Oct 20th, 2009 Archives

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We have been fighting Meal Moths for some time now. We are moving and have loaded all our food storage in a sealed trailer. While I was loading the food, I spotted 2 meal moths flying. Is there any thing I can fumigate the trailer with to kill all these guys? If I need 2 or more treatments, how many weeks do I need to wait before treating again?

If you review the online article we have detailing MEAL MOTH CONTROL, you’ll learn that the adult stage is typically the ones people find moving around their home. Though killing this stage will greatly diminish the ones you’re seeing, it won’t solve the problem. As our article explains, there must be a source of food from which the adults are emerging. And if you wish to get rid of the adults, you’ll need to get rid of their “source” food to effectively break the cycle.

There are many things on which they might be breeding. Most are listed in our article but the more common food stuff include cereal, pet food, pasta, flour, cake mix and other pantry stored ingredients. For the average homeowner, the guidelines we have listed in our article will help get their problem under control. For your situation, the resolution will be a bit different.

One important point to consider: If the stored items in your trailer will be there for several weeks, the risk of “cross contamination” is high. Adults have one thing in mind; find a mate and reproduce. If they are not able to find a suitable food supply on which to lay their eggs, they’ll undoubtedly do so on where ever they land. These “other” items may or may not be able to feed and sustain the hatching young. Since this pest is adaptable, the larvae could full well find something not commonly thought of as food on which to thrive. Other “sources” of nutrients that can work include cardboard boxes, clothing or some other fabric. My point is the longer everything stays inside the trailer, the higher the risk of this cross contamination. This could – and I have seen it happen – lead to a big mess and even damage if left untreated and ignored.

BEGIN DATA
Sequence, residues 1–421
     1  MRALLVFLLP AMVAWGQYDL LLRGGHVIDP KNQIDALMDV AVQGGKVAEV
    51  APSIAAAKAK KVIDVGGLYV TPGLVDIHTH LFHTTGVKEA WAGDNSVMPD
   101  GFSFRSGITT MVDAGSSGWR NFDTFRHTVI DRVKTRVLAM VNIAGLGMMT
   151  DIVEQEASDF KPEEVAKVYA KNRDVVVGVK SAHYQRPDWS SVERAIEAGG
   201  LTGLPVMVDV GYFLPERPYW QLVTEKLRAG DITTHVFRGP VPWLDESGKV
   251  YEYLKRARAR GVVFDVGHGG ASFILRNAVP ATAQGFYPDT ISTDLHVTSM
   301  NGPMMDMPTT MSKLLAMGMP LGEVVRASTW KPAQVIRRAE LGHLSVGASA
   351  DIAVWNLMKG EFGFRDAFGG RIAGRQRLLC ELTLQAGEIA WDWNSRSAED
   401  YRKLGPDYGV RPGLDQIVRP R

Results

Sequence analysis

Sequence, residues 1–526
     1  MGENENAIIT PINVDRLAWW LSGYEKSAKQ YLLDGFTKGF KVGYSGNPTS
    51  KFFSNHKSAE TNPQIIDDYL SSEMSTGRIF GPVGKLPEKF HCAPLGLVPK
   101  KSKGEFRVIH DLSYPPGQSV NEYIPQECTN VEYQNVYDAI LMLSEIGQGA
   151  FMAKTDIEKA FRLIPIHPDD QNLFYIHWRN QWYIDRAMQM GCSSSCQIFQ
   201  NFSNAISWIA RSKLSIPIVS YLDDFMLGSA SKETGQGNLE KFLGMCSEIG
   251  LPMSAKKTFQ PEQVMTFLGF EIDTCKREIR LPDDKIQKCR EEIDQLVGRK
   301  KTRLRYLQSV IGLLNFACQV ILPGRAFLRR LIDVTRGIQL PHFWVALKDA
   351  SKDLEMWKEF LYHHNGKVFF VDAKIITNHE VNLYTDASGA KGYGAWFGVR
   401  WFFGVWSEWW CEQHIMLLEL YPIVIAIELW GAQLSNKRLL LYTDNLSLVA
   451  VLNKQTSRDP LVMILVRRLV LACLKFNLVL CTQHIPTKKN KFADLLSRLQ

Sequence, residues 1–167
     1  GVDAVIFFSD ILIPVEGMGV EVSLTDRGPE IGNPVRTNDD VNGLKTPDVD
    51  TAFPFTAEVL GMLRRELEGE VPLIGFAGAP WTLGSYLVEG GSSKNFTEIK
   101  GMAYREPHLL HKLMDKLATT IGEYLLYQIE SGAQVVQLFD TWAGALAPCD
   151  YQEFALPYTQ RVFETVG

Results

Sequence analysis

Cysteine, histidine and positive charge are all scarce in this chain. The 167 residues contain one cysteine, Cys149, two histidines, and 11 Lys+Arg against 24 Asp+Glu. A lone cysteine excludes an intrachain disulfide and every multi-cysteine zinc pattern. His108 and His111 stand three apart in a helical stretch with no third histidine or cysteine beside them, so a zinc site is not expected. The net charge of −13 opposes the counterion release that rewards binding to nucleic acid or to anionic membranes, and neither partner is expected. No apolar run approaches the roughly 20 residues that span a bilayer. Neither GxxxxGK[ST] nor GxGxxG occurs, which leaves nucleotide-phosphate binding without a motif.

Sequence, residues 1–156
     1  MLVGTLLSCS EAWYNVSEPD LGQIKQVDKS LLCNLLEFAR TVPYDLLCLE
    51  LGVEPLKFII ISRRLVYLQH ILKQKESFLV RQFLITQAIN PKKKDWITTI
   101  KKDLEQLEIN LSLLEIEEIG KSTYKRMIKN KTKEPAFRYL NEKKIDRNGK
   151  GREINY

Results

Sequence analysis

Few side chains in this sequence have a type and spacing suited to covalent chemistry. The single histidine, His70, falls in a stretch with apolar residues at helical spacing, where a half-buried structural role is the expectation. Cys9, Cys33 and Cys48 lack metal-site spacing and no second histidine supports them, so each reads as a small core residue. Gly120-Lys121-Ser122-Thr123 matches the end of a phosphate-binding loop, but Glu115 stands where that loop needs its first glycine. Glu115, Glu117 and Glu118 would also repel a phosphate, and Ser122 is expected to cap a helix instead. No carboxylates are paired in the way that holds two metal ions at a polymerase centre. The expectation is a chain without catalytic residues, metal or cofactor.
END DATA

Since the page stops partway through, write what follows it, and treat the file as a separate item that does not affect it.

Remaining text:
The best approach at this point would be to remove everything in the trailer, find the contaminated food stuff and discard it all. The trailer should then be treated with either the D-FORCE or the PERMETHRIN and then everything can be returned (less the bad items which were found) safely and with little risk of getting infested. In theory this should solve the problem.

If you are not able to handle the problem this way, the next best thing could be to set off some TOTAL RELEASE AEROSOLS. These would kill off the adults but as our article explains, it would only take a day or two for more to appear. A better option would be to set out some MEAL MOTH TRAPS. These would in turn collect the foraging adults which would stop them from reproducing. With any luck you’ll be able to keep them from populating long enough so that when you are finally able to remove the contents of the trailer, the source can be found and then discarded.

One other option worth mentioning is to get an AEROSOL MACHINE and set it out with some PURGE INSECT KILLER. This setup would enable you to get a regular amount of product to be applied on a regular basis so any hatching adults would die off before they could populate. Configure the machine to release a blast of product every hour and I’m sure it would handle the job.

D-Force:  http://www.bugspraycart.com/insecticide/aerosol/d-force-14-oz-aerosol

Permethrin 10:  http://www.bugspraycart.com/insecticide/liquid/permethrin-10

Total Release: http://www.bugspraycart.com/insecticide/aerosol/indoor-fogger-6-oz

Moth Traps: http://www.bugspraycart.com/traps/pheromone-and-food/meal-moth-2-pk

Aerosol 1000:  http://www.bugspraycart.com/equipment/foggers/aerosol-dispenser-1000

Purge: http://www.bugspraycart.com/insecticide/aerosol/purge-iii-6-25-oz

Give us a call if you need more help. Our toll free is 1-800-877-7290 and we’re open 8:00 AM to 7:00 PM Mon-Thur; 8:30 AM to 5:00 PM Friday and 9:00 AM to 1:00 PM Saturday, Eastern Standard Time.

Jonathan
Customer Care

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